There's a lot that's not OK about a group of kids using beer pong to make a long, unfunny joke about the wholesale roundup and slaughter of 6 million people. Besides the anti-Semitism and a stunning display of terrible judgment on social media, you gotta wonder who bought them the booze. But for all of the things that are stomach turning, disgusting or disappointing about the saga of that Jews vs. Nazis drinking game, there's at least one really positive thing at the core of all of it. A person, rather: Jamaica Ponder.
If you're unfamiliar with the game, which started getting attention late last week, here's a quick refresher. A bunch of New Jersey high schoolers — students at Princeton High School — were so tickled by their clever Holocaust drinking game that they shared a photo of the setup on Snapchat. At one end of a ping-pong table there are a bunch of cups arranged into a Star of David. At the other, a swastika. Do you see where this is going? Just wait, because it gets much better worse. From a description of the drinking game's — alternatively called Alcoholocaust or Holocaust Pong — gameplay from Metapedia:
"The Nazis start off the game with a blitzkrieg, with each player shooting continuously until he misses, but this is only allowed for the first volley. Either before shooting starts or during gameplay, each side has a special ability they may use only once. The Jews have the 'Anne Frank cup', which allows them to take one of their cups and hide it anywhere in the room so long as it is shootable, while the Nazis can 'Auschwitz' or 'concentration camp' one of the Jews players, making that player sit out the game until the two remaining players on the Jews team each make a cup. Also, during the game each team is supposed to 'say as many racist things as possible to make it more enjoyable."
So yeah, that's what these kids were up to. Hilarious, right? Jamaica Ponder didn't think so either. She attends Princeton High School too, and was shocked to see the photo on Snapchat. She was further flabbergasted when she realized that she'd been to the Bar Mitzvah of one of the boys helping to set up the cups.
So she blogged about it.
She grabbed a screenshot of what she saw and posted a quick reaction on her very articulate blog, making it clear that to her, and presumably to a lot of other kids too uncomfortable to say anything, this funny little racist joke was neither funny nor inconsequential. Toward the end of her post, she wrote something that evidences the fact that no, not all teenagers are devoid of empathy or incapable of understanding consequences.
"Who is permitting these deranged ideologies to develop and materialize in the form of beer pong? We are. Evidently, as a society, we have gone wrong in some way, shape or form. Because the moment that the Holocaust became a running joke was the moment that ignorance outweighed intellect - and that is the death of compassion for human life."
That kind of cognizance is important. A lot her classmates — and of course, the odd Internet racist dumpster human — are angry at Ponder for voicing her opinion and sharing the photo, something that she remains unapologetic for, which is good. As she said in her post, someone was proud enough of the game; someone thought it was funny enough to post. She wasn't disseminating any information that wasn't already out there. She was just adding a much needed sane opinion to it.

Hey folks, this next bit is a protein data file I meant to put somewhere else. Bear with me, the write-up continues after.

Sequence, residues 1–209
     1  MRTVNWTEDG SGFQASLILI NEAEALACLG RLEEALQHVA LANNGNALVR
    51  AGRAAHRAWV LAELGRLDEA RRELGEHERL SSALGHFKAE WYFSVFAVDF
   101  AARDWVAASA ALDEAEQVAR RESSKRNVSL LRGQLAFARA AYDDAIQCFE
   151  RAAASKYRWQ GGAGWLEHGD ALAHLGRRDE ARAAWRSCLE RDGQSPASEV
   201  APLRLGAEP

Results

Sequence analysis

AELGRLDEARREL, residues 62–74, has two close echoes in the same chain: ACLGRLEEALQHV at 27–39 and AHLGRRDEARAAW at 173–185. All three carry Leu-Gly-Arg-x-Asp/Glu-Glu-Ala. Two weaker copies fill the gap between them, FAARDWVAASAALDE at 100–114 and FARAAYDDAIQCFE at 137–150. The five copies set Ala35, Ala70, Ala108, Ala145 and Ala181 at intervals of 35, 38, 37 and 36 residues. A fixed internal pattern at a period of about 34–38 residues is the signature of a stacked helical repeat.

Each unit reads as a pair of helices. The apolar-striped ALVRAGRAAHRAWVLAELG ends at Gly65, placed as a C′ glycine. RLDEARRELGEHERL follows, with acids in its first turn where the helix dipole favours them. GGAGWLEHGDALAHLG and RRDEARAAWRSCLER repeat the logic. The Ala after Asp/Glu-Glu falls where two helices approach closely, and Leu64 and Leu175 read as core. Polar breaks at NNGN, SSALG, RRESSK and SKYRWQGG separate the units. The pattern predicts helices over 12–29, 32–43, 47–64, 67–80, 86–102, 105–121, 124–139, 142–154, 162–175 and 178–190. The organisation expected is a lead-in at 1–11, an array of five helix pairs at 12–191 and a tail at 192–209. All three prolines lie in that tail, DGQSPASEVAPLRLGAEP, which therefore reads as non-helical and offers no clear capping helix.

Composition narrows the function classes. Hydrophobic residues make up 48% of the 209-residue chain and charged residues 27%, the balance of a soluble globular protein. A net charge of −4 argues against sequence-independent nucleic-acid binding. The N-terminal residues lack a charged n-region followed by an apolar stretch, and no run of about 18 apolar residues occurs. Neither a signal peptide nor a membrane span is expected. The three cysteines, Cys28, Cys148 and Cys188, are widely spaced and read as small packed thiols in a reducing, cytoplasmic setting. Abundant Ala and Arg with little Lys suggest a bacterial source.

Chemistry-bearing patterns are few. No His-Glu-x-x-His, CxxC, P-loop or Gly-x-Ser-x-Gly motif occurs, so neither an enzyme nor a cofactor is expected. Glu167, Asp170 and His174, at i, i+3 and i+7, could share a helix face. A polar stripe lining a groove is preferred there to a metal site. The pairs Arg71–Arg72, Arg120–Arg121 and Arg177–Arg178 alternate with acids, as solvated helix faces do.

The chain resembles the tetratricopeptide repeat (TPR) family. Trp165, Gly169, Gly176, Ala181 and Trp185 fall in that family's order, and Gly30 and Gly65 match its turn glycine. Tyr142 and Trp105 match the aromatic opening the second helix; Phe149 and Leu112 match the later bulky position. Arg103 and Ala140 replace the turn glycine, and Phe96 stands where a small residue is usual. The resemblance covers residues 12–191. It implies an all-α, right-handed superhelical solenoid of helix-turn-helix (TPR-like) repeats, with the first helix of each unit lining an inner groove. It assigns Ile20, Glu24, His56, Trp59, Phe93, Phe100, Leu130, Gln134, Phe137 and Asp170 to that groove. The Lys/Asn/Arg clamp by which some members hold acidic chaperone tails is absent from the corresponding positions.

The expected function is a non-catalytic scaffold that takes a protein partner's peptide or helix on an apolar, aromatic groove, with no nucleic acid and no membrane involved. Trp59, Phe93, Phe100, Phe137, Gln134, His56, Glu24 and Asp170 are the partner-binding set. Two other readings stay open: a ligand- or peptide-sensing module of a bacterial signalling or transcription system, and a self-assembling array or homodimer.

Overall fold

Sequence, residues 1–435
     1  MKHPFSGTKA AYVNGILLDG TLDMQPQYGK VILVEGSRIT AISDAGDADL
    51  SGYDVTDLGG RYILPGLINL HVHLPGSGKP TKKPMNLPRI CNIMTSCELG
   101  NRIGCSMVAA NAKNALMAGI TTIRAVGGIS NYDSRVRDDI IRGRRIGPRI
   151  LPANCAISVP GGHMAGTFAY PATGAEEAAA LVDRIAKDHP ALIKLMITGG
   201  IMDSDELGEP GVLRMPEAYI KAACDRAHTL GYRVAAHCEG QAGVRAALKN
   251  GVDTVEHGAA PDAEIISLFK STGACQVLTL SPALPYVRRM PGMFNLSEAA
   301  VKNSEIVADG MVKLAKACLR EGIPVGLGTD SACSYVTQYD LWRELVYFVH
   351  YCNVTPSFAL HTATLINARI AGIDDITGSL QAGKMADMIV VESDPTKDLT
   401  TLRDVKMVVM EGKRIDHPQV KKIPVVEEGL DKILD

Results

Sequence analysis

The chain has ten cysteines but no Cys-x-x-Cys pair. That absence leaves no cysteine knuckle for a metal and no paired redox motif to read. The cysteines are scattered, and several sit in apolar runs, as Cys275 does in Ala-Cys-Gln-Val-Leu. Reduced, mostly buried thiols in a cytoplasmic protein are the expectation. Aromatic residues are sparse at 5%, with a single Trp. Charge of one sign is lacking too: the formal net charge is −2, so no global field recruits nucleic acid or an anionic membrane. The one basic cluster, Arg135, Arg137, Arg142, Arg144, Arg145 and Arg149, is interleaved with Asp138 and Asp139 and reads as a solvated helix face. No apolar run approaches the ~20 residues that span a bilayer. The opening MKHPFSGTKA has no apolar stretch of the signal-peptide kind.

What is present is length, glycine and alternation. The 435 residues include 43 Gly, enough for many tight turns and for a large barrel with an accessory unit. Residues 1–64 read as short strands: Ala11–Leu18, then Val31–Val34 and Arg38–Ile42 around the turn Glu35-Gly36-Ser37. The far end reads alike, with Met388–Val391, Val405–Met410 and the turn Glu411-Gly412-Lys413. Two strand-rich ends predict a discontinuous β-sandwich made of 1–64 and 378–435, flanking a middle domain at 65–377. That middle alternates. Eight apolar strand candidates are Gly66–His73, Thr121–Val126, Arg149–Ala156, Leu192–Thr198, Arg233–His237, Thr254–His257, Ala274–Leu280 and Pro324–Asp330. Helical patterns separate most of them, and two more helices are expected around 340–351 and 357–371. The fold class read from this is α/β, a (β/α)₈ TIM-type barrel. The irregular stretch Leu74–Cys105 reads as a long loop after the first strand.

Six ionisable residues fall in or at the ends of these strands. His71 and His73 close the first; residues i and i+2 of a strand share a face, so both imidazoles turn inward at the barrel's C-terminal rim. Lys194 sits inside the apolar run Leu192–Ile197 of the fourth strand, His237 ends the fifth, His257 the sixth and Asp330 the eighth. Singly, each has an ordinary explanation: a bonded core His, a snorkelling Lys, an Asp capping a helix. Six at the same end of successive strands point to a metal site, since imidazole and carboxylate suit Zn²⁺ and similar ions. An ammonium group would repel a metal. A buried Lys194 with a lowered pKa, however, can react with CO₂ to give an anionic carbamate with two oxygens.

Can anyone blame Ponder for the fact that when bad behavior hits sunlight everyone outside of the little bubble where the behavior takes place might not find it funny or charming or cute?
Ponder is a student leader. So too, she told The New York Times, are some of the boys playing Alcoholocaust in the photo. The difference, it appears, is that only one of them takes that role seriously. Our leaders are important, whether in the workplace or the White House or in high school. They are leaders precisely because people are willing to follow them. When the people that others look up to endorse anti-Semitic speech and behavior as harmless and funny, that has ramifications.
And when the people that others look up to take a stand and say that it's unacceptable, that has ramifications too. We all want to raise kids that do the right thing. We all understand that we will raise kids who will sometimes do the wrong thing. Or a stupid thing. Or lots of stupid things.
But I think we all hope that when it comes right down to the big, important values that we try to model and want our kids to have — standing up for what's right, rejecting racism, not playing anti-Semitic drinking games long before they are legally allowed to buy booze — we'd want them to act as Ponder acted.
That requires modeling behavior and having firm and outspoken views on what we consider to be appropriate speech and action when it comes to things like racism and prejudice. A quick look at Ponder's blog (go do it, seriously, she's a great writer) makes it pretty clear that she's a confident, mature, whip-smart young woman who isn't willing to back down from what she thinks is right, and she won't apologize for doing the right thing.
That's the sort of thing that would make any parent proud.
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